Bani Sapra and Paul Wiseman
AP Business Writers
WASHINGTON (AP) — President Donald Trump’s decision last year to tax imported steel was met by both jeers and cheers.
Its goal — to raise steel prices — threatened to hurt the legions of U.S. manufacturers that depend on steel. But at least it would benefit U.S. steel companies and the Americans who work for them. That was the idea, anyway.
Yet Trump’s 25% tariffs, it turns out, have done little for the people they were supposed to help. After enjoying a brief tariff-induced grace period last year, American steelmakers are reeling. Steel prices and company earnings have sunk. Investors have dumped their stocks.
The industry has added just 1,800 jobs since February 2018, the month before the tariffs took effect. That’s a mere rounding error in a job market of 152 million, especially during a time that saw U.S. companies add nearly 4 million workers. Steelmakers employ 10,000 fewer people than they did five years ago.
“Even with these very high tariffs, the industry has not been able to take advantage,” said Christine McDaniel, a senior research fellow at Mercatus Center, an economic think tank at George Mason University.
Trump’s pledge to rejuvenate the steel industry had helped him win votes in the 2016 election in such states as Ohio, Pennsylvania and Wisconsin. His inability to deliver a boom for the industry raises doubts about how he’ll fare in those states in 2020. Voters will be weighing whether to move on from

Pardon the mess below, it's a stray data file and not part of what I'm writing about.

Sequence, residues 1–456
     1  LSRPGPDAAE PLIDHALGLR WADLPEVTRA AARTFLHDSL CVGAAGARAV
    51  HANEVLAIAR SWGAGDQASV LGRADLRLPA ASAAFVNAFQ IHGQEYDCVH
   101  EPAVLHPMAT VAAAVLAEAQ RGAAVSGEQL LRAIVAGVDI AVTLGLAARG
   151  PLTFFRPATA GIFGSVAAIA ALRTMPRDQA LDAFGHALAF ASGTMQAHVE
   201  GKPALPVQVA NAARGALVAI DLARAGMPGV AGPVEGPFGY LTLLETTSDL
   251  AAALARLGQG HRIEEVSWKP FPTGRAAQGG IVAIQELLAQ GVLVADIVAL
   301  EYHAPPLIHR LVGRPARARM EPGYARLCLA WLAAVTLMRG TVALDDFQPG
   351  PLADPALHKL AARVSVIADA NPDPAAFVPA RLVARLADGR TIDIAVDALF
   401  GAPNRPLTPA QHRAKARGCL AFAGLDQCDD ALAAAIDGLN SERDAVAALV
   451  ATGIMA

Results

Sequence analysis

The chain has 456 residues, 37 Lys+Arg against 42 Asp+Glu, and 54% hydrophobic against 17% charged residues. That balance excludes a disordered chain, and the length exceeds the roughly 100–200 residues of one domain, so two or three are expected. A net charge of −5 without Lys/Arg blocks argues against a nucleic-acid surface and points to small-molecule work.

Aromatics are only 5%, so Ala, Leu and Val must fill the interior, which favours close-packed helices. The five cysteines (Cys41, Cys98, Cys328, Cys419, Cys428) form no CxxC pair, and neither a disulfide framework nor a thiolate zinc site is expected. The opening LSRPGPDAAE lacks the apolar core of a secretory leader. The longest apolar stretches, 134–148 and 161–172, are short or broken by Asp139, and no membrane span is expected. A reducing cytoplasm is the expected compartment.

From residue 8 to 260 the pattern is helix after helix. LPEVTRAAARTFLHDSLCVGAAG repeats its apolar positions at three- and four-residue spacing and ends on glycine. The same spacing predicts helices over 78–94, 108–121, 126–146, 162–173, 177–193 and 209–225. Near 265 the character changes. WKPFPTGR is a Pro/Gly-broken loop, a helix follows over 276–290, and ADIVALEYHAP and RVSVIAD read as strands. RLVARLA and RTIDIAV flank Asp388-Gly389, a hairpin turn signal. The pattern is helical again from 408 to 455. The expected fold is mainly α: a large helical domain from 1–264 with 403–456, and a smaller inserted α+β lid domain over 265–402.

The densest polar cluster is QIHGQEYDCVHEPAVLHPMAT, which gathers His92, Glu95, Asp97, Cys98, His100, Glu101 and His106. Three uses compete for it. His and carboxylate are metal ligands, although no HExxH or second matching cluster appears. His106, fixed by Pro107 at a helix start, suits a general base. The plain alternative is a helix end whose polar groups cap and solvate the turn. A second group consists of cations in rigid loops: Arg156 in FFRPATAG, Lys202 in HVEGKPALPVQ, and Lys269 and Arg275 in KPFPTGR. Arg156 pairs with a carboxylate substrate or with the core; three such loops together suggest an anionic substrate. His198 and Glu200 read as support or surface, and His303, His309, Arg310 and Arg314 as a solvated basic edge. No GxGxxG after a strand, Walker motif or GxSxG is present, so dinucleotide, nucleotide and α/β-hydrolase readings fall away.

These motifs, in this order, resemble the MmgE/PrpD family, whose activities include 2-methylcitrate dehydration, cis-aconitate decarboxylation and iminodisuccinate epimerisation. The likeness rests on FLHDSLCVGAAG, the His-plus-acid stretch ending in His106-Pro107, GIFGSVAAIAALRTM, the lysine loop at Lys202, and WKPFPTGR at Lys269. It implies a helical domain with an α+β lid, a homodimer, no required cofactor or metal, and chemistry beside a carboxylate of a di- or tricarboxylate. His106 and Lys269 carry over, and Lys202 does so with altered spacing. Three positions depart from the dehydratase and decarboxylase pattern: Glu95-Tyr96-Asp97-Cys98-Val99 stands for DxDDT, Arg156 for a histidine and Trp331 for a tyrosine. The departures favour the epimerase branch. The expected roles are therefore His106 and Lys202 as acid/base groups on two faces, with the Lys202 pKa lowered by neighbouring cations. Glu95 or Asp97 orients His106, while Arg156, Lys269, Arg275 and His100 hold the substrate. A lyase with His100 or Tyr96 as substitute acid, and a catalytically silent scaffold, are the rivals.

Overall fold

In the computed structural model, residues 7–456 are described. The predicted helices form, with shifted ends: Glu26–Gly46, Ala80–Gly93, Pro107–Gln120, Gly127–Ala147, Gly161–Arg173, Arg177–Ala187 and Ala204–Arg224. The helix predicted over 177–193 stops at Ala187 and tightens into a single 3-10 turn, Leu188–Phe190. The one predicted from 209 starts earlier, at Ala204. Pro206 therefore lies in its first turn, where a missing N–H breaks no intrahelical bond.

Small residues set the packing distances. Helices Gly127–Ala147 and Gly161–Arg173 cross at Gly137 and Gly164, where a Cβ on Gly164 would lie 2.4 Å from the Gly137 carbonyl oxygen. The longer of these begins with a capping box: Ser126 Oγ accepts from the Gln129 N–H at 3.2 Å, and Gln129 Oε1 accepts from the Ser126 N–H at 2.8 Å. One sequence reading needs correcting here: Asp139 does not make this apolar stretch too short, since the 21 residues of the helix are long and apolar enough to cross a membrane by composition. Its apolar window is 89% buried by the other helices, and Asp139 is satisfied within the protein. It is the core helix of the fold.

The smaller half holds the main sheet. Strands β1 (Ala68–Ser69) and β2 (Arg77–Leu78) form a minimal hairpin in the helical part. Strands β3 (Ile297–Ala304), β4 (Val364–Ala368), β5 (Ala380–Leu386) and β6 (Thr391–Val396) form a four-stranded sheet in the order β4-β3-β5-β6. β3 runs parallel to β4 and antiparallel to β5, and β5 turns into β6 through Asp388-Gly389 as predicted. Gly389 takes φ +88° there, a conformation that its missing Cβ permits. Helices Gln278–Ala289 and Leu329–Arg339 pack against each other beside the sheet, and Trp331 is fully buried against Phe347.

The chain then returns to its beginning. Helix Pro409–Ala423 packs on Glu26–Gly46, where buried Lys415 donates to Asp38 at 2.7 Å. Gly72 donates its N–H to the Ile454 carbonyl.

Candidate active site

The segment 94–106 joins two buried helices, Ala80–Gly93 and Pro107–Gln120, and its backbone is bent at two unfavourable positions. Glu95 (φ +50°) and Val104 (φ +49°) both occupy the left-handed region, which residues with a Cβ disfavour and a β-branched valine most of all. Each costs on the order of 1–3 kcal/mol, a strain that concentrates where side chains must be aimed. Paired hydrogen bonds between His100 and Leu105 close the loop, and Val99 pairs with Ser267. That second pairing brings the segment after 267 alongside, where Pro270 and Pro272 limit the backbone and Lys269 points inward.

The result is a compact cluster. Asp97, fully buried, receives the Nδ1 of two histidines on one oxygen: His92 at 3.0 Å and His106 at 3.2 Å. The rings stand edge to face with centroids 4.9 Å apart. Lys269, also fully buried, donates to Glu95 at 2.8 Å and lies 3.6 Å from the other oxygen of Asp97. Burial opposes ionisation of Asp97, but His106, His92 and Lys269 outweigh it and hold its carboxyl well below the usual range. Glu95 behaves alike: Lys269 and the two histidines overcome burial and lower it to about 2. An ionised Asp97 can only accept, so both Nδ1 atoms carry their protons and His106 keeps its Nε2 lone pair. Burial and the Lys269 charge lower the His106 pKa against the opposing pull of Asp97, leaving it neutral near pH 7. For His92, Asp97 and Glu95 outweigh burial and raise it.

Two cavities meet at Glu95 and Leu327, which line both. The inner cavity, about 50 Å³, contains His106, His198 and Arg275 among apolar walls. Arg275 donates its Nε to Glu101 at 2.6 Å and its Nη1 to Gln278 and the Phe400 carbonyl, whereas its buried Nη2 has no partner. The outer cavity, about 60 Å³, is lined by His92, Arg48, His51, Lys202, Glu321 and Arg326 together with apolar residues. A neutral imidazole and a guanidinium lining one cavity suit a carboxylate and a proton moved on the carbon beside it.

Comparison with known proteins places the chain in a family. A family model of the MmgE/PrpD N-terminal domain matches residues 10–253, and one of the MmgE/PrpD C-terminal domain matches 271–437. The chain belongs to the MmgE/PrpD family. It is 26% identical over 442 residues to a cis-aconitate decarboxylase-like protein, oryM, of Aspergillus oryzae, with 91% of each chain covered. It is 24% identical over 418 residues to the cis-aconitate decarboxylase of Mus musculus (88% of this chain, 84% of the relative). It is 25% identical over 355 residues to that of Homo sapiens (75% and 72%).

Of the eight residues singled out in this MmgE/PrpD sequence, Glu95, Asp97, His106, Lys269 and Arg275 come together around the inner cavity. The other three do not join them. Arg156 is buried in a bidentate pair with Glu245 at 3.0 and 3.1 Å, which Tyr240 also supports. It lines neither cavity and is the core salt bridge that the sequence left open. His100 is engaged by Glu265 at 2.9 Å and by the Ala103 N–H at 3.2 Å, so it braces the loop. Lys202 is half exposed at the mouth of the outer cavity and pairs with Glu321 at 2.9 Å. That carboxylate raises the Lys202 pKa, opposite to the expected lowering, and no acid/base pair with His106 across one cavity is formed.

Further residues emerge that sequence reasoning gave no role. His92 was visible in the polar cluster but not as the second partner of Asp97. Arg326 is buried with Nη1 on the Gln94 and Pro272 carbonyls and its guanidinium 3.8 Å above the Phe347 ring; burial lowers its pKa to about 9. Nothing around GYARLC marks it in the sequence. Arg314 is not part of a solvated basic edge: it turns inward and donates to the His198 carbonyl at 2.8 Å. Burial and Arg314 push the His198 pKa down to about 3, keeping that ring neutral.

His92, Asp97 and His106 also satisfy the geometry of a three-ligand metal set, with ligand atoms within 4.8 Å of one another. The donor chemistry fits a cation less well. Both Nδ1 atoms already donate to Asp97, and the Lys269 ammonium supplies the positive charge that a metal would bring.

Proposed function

Trump or reward him for at least taking the fight to foreign steel mills.
The causes of steel prices’ decline range from low demand — the result of a weakening global economy — to the industry’s own rush to boost production after Trump’s tariffs took effect.
For the first few months after the new duties were in place, steel prices did rise. The price of a metric ton of hot rolled band steel hit $1,006 in July 2018, according to the SteelBenchmarker website, which tracks steel prices. Since then, it has plunged to $557 — lower than what it was before the tariffs.
“Over time, (pricing has) come down, down, down, down, down,” said Mark Lash, president of United Steelworkers Local 1066 in Gary, Indiana, which represents about 1,400 workers at US Steel’s plant there.
The president’s campaign against foreign steel has been overshadowed by his trade war with China over Beijing’s industrial policies, which are widely seen as predatory. But the steel tariffs came earlier and demonstrated Trump’s willingness to overturn seven decades of U.S. free-trade policies and aggressively target imports.
By taxing imported steel, Trump risked raising costs for the many U.S. industries that use the metal, straining ties with American allies and defying the limits of his authority to punish trading partners.
The desire to protect steelmakers was in some ways odd. After all, the economic benefits of protecting steel are modest: The industry employs just 142,000 people. By comparison, Home Depot alone employs 400,000. And the newest steel plants are highly automated. They don’t need nearly as many workers as steelworks of the past did, so the possible job gains are li